Stantec Named a Top 50 STEM Workplace by the American Indian Science and Engineering Society
Firm’s strong prioritization of inclusion and diversity efforts leads to prestigious recognition
Stantec structural engineer Bruce Hopper presents to a group of Alaska Native Science and Engineering Program students.
Stantec—a global architecture, engineering, and design firm—was recognized by the American Indian Science and Engineering Society (AISES) as one of the Top 50 STEM Workplaces for Indigenous STEM Professionals. AISES released its listing in the Spring 2020 issue of Winds of Change, the organization’s national magazine, which focuses on career and educational advancement for Native people in the areas of science, technology, engineering, and math (STEM).
Firms selected for the AISES Top 50 list were required to meet a list of criteria that included diversity recruitment efforts, recruiting for jobs in the STEM fields, actively recruiting within Indigenous audiences, and sustained support of the AISES mission. Among companies named to the Top 50 list are those focused on aerospace, civil, electrical, and mechanical engineering; biology; ecology; computer science and engineering; and mathematics.
Stantec’s goal is to have an employee population with a diverse range of talents and perspectives to ensure that the firm has the breadth of viewpoints, experiences, and intellectual skills needed to succeed across its global footprint. Embracing diversity of all kinds enables Stantec to provide a work environment and organizational culture that play a key role in attracting and retaining the right people with the right skills.
“At Stantec, we are committed to building and maintaining respectful and sustainable relationships with Indigenous Peoples and communities,” said Adam Leggett, Stantec’s Alaska Native Program manager. “We do this by recognizing, supporting, and respecting the diversity and distinctiveness of Indigenous cultures and histories among our employees and contractors. Our relationships with communities, and the continuous learning of the needs and desires of Indigenous Peoples, is vital to our ability to deliver effective and sustainable project design and solutions.”
In 2017, Leggett was named a Native American 40 Under 40 award recipient by the National Center for American Indian Enterprise Development. In addition to his work at Stantec, which focuses on developing business relationships with Alaska Native corporations and organizations, Leggett serves on a number of committees for the Native Village of Eklutna and Eklutna, Inc., including ones for health, housing, education, and the Eklutna River restoration project. Leggett has also been appointed to the Department of Energy Office of Indian Energy Indian Country Energy & Infrastructure Working Group and serves on the Tribal STEM Subcommittee.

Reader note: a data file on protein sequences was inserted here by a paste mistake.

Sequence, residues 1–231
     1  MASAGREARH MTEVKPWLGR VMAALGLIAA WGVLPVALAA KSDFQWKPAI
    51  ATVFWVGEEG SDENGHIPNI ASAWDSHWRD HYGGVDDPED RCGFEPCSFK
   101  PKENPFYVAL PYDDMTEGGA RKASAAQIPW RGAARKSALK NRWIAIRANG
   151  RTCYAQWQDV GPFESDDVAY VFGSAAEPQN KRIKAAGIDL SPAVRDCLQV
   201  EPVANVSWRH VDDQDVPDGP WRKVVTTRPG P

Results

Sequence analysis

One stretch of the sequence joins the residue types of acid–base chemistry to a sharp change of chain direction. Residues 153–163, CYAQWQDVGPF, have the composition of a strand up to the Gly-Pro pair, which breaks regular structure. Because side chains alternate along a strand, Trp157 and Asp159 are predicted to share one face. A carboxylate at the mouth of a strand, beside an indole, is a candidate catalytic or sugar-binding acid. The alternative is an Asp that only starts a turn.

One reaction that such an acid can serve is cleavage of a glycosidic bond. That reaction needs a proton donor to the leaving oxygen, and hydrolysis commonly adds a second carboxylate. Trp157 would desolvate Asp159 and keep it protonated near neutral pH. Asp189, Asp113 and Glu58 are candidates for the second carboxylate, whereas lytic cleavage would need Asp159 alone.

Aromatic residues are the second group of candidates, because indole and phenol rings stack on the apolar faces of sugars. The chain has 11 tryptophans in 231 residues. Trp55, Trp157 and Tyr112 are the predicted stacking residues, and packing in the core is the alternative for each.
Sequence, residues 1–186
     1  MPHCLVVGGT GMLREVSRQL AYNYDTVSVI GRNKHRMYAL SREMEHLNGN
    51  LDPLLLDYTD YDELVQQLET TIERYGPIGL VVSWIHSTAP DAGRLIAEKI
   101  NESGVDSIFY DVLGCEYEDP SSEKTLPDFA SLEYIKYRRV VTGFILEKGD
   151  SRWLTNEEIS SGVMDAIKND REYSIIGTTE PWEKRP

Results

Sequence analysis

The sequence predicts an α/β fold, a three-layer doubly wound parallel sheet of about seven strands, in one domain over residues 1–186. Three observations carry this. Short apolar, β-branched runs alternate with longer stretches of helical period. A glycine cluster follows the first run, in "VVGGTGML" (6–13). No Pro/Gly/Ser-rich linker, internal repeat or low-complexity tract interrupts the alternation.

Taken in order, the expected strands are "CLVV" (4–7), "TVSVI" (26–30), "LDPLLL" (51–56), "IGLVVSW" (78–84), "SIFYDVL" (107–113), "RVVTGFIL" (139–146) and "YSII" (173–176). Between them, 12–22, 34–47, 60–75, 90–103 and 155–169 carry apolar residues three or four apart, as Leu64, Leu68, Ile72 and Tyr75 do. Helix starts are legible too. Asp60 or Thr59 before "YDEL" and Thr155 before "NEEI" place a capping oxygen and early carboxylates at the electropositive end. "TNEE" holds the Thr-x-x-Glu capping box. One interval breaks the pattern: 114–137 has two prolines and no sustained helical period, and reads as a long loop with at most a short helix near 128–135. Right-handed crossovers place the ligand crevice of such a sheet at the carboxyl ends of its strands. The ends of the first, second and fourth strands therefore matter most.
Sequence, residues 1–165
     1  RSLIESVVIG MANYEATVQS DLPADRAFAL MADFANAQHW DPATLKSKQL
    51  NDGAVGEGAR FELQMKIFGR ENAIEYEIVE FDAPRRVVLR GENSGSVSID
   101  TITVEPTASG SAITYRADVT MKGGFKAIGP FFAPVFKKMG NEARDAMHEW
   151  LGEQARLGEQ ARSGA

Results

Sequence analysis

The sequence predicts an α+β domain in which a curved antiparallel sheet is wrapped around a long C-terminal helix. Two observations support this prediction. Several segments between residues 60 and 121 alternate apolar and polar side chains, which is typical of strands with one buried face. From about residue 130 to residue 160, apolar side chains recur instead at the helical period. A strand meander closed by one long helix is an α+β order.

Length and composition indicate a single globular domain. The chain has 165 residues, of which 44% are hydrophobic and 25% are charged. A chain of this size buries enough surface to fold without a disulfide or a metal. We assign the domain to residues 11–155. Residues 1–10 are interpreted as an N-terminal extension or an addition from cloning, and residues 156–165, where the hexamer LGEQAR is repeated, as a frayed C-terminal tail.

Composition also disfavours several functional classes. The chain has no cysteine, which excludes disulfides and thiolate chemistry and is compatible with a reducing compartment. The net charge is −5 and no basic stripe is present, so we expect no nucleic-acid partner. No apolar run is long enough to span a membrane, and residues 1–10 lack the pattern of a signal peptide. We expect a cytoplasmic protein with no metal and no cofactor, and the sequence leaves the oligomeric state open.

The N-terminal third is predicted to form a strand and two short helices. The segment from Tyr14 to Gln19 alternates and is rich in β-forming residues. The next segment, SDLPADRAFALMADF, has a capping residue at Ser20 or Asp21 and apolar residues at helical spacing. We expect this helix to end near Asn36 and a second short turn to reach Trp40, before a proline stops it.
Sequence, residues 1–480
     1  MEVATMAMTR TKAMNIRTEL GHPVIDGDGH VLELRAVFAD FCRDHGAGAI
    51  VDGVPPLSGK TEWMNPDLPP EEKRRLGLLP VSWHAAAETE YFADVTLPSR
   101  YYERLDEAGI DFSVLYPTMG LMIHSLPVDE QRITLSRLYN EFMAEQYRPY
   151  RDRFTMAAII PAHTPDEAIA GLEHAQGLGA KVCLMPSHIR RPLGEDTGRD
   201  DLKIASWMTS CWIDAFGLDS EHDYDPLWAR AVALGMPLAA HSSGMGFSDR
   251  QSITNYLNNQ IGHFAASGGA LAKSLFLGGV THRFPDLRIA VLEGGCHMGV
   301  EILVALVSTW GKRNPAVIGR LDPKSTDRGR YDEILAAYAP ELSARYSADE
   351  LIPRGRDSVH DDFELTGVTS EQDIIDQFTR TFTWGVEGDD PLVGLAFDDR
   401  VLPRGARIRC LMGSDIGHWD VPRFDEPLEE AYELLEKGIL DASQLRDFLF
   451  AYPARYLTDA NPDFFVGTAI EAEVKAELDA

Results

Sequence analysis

In Alaska, Stantec successfully works with Indigenous groups through formal business partnerships, focused Alaska Native employment efforts on major projects, and through connections to Indigenous Peoples in our technical work.
Other Stantec Indigenous work highlights include:
- Progressive Aboriginal Relations: We are working toward earning Progressive Aboriginal Relations (PAR) certification through the Canadian Council for Aboriginal Business (CCAB). PAR provides a framework for organizations to develop an Indigenous Relations approach that is effective, sustainable, and successful.
- Procurement Champions: Stantec is part of the CCAB’s Procurement Champions initiative which contributes to economic reconciliation by increasing opportunities for Indigenous businesses to participate in our supply chain.
- Indigenous Business Partnerships in Canada: The global firm is committed to creating opportunities through working in partnership with Indigenous Peoples and businesses. While growing our network in the Indigenous business community, Stantec is providing tangible training, employment, and contracting opportunities for Indigenous Peoples and businesses. This network also provides Stantec with new business partnerships and opportunities which, in turn, diversify the scope of our portfolio.
- Community Engagement globally: The 22,000-person firm has grown though a model of community-centered project delivery focused on working where we live. We are strengthening our connections to Indigenous communities and finding new ways to make meaningful contributions by supporting local initiatives and collaborating with local and national Indigenous organizations.
In This Issue
The Unbroken Supply Chain
Alaskans have some experience both with isolation and sudden emergencies. Earthquakes, volcanic eruptions, seasonal flooding, and wildfires seldom schedule their arrival. And while emerging technology and developing infrastructure have allowed Alaska to become more connected, as Alaskans we know we’re still at the end of the road—even more so for those living beyond the road in Alaska’s remote communities.